Larimer County, Colorado

Americans with Disabilities Act Logo

Transition Plan

January 2022


The Americans with Disabilities Act (“ADA”), enacted on July 26, 1990, and updated on September 14, 2010, provides comprehensive civil rights protections to individuals with disabilities in the areas of employment, state and local government services, public accommodations, and telecommunications.

This Federal civil rights regulation implements Title II of the ADA, which applies to state and local governments.  The Title II regulations are similar and based on the earlier Rehabilitation Act of 1973 Section 504 as amended, which prohibits discrimination based on disability in federally assisted programs and activities.  Title II of the ADA essentially extends the nondiscrimination mandate of section 504 to all State and local government services, programs, and activities including those provided by Larimer County.  To assist with the ongoing process of ensuring ADA compliance Larimer County developed the following Transition Plan.

Transition Plan

The 1991 ADA regulations required all public entities, regardless of size, to evaluate their services, policies, practices, and facilities to determine whether the entity’s programs, when viewed in their entirety, were accessible to persons with disabilities.  In addition, public entities with 50 or more employees were required to develop a transition plan detailing any structural changes that would be undertaken to achieve program access and specifying a time frame for their completion.  Larimer County invites interested individuals to participate in the self-evaluation and transition planning processes by submitting comments.  While the 2010 regulation does not specifically require public entities to conduct a new self-evaluation or develop a new transition plan, Larimer County continues to evaluate its services, programs, activities, and facilities, as documented in this Transition Plan.

ADA Coordinator
Public entities with 50 or more employees are required to designate at least one responsible employee to coordinate ADA compliance.  

The County currently has the following responsible employee:

MacKenzie Lowe, ADA Coordinator
Risk Management
400 W. Oak Street, Suite 4000
Fort Collins, CO  80521
Phone:  970-498-5967
TTY: Colorado Relay – 711


The County’s ADA Coordinator coordinates Larimer County’s efforts to comply with the ADA and investigate any complaints or allegations that the County has violated the ADA.  The coordinator also assists County departments in making “reasonable modifications” in their usual way of doing things when necessary to accommodate people with disabilities.  Citizens who have concerns with the accessibility of a County service, activity, program, or facility should contact the ADA Coordinator for assistance.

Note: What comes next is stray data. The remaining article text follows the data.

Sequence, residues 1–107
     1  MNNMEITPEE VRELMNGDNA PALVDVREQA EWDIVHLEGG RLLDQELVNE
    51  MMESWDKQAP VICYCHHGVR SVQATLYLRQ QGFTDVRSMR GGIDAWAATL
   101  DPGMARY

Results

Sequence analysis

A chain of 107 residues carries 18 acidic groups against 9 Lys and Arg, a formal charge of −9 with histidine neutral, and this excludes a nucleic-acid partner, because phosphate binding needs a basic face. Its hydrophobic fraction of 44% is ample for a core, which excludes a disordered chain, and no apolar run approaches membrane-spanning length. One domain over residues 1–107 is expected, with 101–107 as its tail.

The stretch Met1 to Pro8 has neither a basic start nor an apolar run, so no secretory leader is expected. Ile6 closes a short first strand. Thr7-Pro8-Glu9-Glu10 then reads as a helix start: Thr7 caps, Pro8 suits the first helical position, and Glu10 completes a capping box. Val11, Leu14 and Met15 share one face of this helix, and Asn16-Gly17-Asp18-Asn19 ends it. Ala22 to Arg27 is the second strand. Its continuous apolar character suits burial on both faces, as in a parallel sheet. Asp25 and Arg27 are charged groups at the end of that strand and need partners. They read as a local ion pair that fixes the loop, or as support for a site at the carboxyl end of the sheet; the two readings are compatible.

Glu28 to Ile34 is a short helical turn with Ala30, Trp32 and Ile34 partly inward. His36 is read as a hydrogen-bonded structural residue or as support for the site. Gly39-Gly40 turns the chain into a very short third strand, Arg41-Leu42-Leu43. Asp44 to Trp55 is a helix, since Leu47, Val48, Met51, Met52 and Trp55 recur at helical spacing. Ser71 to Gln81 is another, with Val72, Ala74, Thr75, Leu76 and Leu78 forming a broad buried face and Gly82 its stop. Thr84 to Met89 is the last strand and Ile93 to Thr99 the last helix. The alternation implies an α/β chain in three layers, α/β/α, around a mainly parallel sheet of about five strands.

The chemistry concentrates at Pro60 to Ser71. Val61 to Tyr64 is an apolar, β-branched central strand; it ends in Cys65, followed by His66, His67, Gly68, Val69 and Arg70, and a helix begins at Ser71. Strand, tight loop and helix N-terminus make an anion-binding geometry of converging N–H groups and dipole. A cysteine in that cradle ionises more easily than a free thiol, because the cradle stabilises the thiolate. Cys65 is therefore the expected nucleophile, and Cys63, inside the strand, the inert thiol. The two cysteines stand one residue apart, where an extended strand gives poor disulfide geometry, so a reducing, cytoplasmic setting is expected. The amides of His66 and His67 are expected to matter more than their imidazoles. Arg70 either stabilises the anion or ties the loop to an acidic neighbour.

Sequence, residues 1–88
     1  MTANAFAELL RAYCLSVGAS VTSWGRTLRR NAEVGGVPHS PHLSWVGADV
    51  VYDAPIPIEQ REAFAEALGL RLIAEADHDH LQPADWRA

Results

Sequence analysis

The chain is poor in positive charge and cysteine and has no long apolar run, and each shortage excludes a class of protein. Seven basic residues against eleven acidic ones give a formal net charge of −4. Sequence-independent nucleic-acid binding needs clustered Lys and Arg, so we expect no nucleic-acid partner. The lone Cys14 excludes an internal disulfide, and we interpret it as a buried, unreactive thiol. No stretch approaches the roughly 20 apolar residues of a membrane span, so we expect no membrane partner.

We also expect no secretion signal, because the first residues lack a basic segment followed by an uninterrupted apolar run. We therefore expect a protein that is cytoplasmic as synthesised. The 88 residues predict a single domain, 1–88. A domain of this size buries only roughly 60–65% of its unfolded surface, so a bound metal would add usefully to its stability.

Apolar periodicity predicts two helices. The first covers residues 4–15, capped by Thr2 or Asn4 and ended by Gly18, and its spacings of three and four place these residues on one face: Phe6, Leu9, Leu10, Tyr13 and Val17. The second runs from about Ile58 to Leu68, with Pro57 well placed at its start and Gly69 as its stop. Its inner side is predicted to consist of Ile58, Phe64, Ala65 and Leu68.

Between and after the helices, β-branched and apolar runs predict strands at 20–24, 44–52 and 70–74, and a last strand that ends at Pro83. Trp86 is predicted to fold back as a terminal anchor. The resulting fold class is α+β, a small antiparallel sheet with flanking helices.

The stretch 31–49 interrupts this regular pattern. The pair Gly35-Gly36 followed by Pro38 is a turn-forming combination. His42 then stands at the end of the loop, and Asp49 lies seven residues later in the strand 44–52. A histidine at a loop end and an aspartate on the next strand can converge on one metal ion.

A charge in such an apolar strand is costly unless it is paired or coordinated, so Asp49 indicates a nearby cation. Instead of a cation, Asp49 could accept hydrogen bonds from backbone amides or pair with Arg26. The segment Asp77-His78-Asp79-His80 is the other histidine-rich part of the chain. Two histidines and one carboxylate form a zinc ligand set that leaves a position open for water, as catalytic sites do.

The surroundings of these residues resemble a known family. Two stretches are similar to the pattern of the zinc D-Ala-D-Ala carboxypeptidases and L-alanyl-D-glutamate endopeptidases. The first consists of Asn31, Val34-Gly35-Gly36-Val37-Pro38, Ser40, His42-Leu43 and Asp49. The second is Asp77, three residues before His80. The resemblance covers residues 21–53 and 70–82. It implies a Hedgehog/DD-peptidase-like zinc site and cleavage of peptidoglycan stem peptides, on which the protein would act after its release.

Individuals with disabilities who require auxiliary aids and services should contact the individual listed as the point of contact for that service, activity, or program.

Auxiliary Aids and Services

Communicating successfully is an essential part of providing service to the public.  Larimer County attempts to make its written and spoken communications as clear and understandable to people with disabilities as it does for those without disabilities.  Larimer County has taken steps necessary to communicate effectively with people who have disabilities, through auxiliary aids such as readers, sign language interpreters, assistive listening systems and devices, open and closed captioning, text telephones (TTYs), video conferences, website information, information provided in large print, Braille, Audible or electronic formats, and other tools for people who have communication disabilities.

Because the nature of communications differs from program to program, the County attempts to be flexible in determining effective communication solutions.  The goal is to find a practical solution that fits the circumstances, taking into consideration the nature, length, and complexity of communication, as well as the person’s normal method(s) of communication.  What is required to communicate effectively when a person attends a Commissioner’s meeting is very different from what is required to communicate when paying a property tax bill.  Larimer County training includes information on the County’s responsibility to effectively communicate with people who have communication limitations.

Website Accessibility

Since the enactment of the ADA in 1990, the Internet has dramatically changed the way Larimer County does business.  Larimer County makes much of its information about services, programs, and activities available to the public by posting it on the Larimer County website.  As a result, people can easily access information seven days a week, 24 hours a day.  Many County services and activities are also provided on websites because the public can participate in them at any time of day and without the assistance of County personnel.  Larimer County provides qualified individuals with disabilities equal access by complying with WCAG 2.0 standards and by making web pages available in text format for individuals who use screen readers.  However, technology is changing, and website designers use creative and innovative ways to present web-based materials.  These changes may involve new and different access problems and solutions for people with disabilities.  Individuals with questions about the accessibility of the County’s website should contact County ADA Coordinator, MacKenzie Lowe, who will coordinate with the Web Master regarding any changes.

Grievance Procedures

This grievance procedure may be used by anyone who wishes to file a complaint alleging discrimination based on disability in the provision of services, activities, programs,  or benefits by Larimer County Government.